Saturday, 28 November 2015

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Cumbria ahead of the rush for primary school places

Cumbria's primary schools have plenty of places for increasing numbers of children despite fresh fears of a crisis within two years in up to two-thirds of England’s council areas.

Council chiefs in Cumbria have already moved to tackle predicted shortages in Carlisle and parts of Penrith with its moves nearing completion as a new academic year begins.

Meanwhile the Local Government Authority says up to two-thirds of councils in England could see nearly twice as many children needing places than are available.

In Cumbria, the county council’s £12.5m Transforming Learning programme has created new places in primary schools where shortages were predicted, largely across Carlisle.

It has included formally increasing the official annual intakes at certain schools as well as building new classrooms.

It has involved building work at schools including Robert Ferguson in Denton Holme; Newtown School in Raffles; and Petteril Bank School in Harraby.

There are also plans for new extensions at the two Kingmoor schools in Lowry Hill and relocate Pennine Way Primary School as part of a larger scheme to create a community hub in Harraby on the Edgehill Road site of the former secondary school.

Other schools benefiting from the Transforming Learning programme include Brunswick School and St Catherine’s Catholic School in Penrith as well as Inglewood Junior, Brook Street, St Cuthbert’s Catholic Community School, Upperby and Yewdale Schools, all in Carlisle.

A Cumbria County Council spokesman said: “Cumbria closely monitors the pupil place requirement and has secured additional provision where places were needed, such as the multi-million pound investment into expanding primary schools in Carlisle.

“These additional places reflect increasing birth rates and the predicted school place need over the coming years.

“Other factors are also taken into account such as parental preference, wherever possible and also the trend of movement around the county.

“We’re also closely monitoring proposals for new housing developments in the county to ensure any requirements for additional places are addressed.”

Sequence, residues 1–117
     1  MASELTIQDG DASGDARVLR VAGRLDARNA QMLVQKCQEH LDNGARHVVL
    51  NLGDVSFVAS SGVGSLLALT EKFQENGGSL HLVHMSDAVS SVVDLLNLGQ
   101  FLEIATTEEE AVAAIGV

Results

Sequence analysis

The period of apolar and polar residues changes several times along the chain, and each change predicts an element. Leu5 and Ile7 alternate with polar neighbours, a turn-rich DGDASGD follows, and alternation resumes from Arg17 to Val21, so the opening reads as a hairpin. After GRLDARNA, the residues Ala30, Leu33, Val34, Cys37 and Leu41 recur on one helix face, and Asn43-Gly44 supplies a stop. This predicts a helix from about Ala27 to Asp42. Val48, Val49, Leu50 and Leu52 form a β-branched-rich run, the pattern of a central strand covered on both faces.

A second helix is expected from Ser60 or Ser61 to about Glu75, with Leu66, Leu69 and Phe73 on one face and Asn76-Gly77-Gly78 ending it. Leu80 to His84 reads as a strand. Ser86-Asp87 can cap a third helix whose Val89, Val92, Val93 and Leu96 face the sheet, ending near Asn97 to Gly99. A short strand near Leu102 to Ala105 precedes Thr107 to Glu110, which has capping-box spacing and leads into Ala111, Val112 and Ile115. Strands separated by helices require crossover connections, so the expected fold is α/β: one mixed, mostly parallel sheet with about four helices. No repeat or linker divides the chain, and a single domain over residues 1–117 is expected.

The moves in Cumbria to address shortages come as new figures from the Local Government Association claim there is a school places crisis looming in many parts of England.

David Simmonds, chairman of the LGA’s children and young people board, warned of a “desperate” shortage of school places.

“Mums and dads quite rightly expect their child to have access to a place in good school, that is nearby, and in a good state of repair,” he said.

“But councils are facing unprecedented pressures in tackling the desperate shortage of new school places.

“Councils across the country have been increasing places by expanding schools where possible through additional classes or new buildings.

“However, without enough resource to provide places we are seeing some schools having to take extreme measures including converting non-classroom space and reducing playground space.”

The figures forecast that Costessey in Norfolk, Purfleet in Thurrock and central Croydon will have at least 75 per cent more pupils by 2015 than the number of places currently available.

By 2016/17, central Bedfordshire, Croydon, Bedford, Waltham Forest, Newham and Hounslow councils are forecast to see the biggest demand for primary places with the need to increase school capacity by 25 per cent or more.

In Cumbria, there are more places available than required, even when rising demands up until September 2016 are taken into account.

There are almost 38,500 places in schools across the county but this September just 35,028 are being filled.

The predicted demand in September 2016 is for 35,474 places with Cumbrian schools set to be running at 92 per cent capacity.


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